WordStream — helps you create, manage and optimize your PPC campaigns.

    AdEspresso — optimization tools for Facebook ads (includes A/B testing and detailed analytics).

    Optmyzr — manage and optimize PPC campaigns (including keyword, bid, and ad optimization).

    Sales management can be a messy process.

    It’s usually fine in the early days (when you’re dealing with very few customers).

    But, when you start getting more leads, things can turn to chaos pretty quickly.

    I mean, when you’ve got a few thousand people in your sales funnel (all at different stages), you need a robust management system.

    Without one, customers are going to fall through the cracks, and you’ll be leaving money on the table.

    CRM (Customer Relationship Management) tools solve this problem by pulling all your data into one robust management application.

    You can then keep track of every touchpoint, every interaction, and every sale in one place.

    Many also automatically pull in data from other platforms (e.g. MailChimp).


    Here are a few of the best:

    Salesforce — possibly the most powerful CRM application on the planet.

    Hubspot CRM — 100% free CRM for up to a million contacts.

    Close.io — a CRM for salespeople (focussed on helping you make more sales).

    Pipedrive — a sales management application for small businesses.

    Many marketers spend the bulk of their time chasing new leads but remember: existing customers are the lifeblood of your business.

    Here’s a quote from Market Metrics:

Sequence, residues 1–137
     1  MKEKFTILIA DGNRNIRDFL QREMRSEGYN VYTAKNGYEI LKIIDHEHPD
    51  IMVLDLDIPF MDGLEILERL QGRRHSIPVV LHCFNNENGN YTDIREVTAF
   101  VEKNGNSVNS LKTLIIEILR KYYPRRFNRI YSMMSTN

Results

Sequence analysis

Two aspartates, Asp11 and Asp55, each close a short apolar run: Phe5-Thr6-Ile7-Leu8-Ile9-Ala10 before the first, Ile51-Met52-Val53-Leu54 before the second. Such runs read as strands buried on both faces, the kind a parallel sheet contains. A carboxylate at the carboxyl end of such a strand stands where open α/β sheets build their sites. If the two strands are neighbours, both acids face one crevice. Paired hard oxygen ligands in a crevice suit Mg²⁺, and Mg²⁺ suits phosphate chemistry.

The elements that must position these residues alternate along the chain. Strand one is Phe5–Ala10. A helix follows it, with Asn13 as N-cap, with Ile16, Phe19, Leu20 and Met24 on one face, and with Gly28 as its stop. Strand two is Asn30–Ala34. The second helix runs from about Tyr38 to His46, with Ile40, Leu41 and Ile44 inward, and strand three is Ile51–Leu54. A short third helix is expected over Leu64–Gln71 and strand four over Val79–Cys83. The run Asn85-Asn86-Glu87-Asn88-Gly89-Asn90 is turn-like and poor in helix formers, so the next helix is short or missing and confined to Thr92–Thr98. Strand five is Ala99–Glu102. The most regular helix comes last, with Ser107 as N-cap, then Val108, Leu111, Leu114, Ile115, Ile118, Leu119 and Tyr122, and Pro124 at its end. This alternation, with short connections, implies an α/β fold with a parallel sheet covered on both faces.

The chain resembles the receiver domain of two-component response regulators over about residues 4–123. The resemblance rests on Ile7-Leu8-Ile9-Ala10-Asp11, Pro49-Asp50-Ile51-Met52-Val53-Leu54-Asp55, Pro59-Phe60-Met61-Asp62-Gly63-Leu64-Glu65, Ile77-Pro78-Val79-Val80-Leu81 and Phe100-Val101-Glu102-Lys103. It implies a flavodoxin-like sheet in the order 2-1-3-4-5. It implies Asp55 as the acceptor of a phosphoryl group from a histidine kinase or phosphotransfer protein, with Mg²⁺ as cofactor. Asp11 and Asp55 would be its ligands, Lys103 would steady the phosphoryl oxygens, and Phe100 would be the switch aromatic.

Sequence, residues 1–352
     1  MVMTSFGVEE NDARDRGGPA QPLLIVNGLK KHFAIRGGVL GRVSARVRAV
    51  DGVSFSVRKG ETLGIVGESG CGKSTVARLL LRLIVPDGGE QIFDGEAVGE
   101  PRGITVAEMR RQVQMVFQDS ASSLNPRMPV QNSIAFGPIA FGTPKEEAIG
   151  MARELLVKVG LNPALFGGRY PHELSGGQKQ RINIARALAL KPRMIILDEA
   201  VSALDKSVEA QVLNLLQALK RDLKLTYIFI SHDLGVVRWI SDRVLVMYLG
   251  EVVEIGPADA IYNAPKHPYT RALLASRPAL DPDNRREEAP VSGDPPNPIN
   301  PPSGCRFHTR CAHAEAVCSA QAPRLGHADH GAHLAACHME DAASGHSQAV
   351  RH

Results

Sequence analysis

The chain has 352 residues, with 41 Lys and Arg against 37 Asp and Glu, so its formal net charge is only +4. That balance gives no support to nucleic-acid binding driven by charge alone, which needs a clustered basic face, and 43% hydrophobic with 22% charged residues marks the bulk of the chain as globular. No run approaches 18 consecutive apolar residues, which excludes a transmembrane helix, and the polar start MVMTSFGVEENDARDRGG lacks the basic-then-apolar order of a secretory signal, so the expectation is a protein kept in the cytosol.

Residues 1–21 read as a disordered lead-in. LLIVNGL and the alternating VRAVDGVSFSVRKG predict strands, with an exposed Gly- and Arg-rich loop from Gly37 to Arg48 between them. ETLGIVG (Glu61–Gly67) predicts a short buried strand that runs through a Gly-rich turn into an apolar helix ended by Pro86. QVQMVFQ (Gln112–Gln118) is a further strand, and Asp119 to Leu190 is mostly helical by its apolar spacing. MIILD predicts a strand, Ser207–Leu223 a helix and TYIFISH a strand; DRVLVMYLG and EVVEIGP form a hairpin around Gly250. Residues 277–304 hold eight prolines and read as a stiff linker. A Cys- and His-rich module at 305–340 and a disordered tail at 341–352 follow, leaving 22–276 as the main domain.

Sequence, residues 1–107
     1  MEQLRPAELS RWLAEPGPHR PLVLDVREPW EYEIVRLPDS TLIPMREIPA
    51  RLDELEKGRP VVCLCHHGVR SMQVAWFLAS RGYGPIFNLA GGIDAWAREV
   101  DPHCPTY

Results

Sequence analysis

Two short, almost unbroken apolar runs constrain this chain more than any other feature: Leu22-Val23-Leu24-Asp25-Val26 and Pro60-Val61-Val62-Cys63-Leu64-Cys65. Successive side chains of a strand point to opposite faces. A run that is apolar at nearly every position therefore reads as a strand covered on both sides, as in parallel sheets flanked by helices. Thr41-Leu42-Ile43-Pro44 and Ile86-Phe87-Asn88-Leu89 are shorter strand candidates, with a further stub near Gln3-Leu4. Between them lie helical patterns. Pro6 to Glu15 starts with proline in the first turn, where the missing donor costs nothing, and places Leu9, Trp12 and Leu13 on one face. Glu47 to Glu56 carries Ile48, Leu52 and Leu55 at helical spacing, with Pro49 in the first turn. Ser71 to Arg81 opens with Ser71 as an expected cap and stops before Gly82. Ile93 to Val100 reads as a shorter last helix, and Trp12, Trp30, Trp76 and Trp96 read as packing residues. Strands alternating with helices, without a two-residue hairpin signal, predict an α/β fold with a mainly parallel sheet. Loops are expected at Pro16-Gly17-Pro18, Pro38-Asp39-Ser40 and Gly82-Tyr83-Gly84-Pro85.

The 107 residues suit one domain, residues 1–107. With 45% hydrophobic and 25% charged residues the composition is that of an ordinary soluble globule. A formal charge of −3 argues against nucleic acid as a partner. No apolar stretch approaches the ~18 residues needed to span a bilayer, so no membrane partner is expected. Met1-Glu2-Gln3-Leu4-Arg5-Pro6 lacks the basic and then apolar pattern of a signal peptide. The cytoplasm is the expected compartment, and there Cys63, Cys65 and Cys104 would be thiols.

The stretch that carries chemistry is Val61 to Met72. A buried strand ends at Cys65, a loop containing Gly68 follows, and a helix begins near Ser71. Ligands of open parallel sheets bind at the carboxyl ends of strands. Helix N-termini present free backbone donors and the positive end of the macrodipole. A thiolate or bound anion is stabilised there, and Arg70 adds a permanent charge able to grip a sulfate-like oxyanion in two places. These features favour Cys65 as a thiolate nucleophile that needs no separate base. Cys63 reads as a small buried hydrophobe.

The probability of converting an existing customer is 60 percent to 70 percent. The probability of converting a new prospect, on the other hand, is only 5 percent to 20 percent

    Clearly then, it’s important to keep in contact with your existing customers.

    But how do you do this, at scale?

    Customer communication tools solve this by automating the customer communication process.

    So, we’re talking things like website live chats (that ping you on demand).

    And even fully‐automated marketing solutions that send personalized messages to customers based on their activities.


    Here are a few great tools to consider:

    Intercom — communicate, engage with and solve the problems of your visitors (in real‐time).

    LiveChat — clutter‐free live messaging application for your website.

    Customer.io — automate your customer communication based on visitor engagement.

    And, finally…

    Here are the tools that didn’t fit neatly into the categories above, but are still super‐useful:

    Google Tag Assistant — a Chrome extension for troubleshooting the installation of various tags in Google Tag Manager (e.g. Google Analytics).

    DownNotifier.com — alerts you when your website is down. Simple.

    BuiltWith — find out what any website is built with (e.g. WordPress, Magento, etc.).

    Microdata Generator (by Schema.org) — a structured data generator for (almost) anything you could ever need!

    JetPack (for WordPress) — speeds up image loading, adds extra security, and gives visitor stats for self‐hosted WordPress websites.

    WebCodeTools.com — generate web code for just about anything you can imagine!

    Did We Miss Anything?

    Leave us a comment and let us know.

    We’ll happily consider adding it to the list (if we deem it worthy).

    Joshua Hardwick
    Head of Content @ Ahrefs (or, in plain English, I'm the guy responsible for ensuring that every blog post we publish is EPIC). Founder @ The SEO Project.

    Article stats

    • Referring domains 11
    Data from Content Explorer tool.

    Shows how many different websites are linking to this piece of content. As a general rule, the more websites link to you, the higher you rank in Google.

    Shows estimated monthly search traffic to this article according to Ahrefs data. The actual search traffic (as reported in Google Analytics) is usually 3-5 times bigger.

    Get notified of new articles

    53,436 marketers are already subscribed to Ahrefs blog. Leave your email to get our weekly newsletter.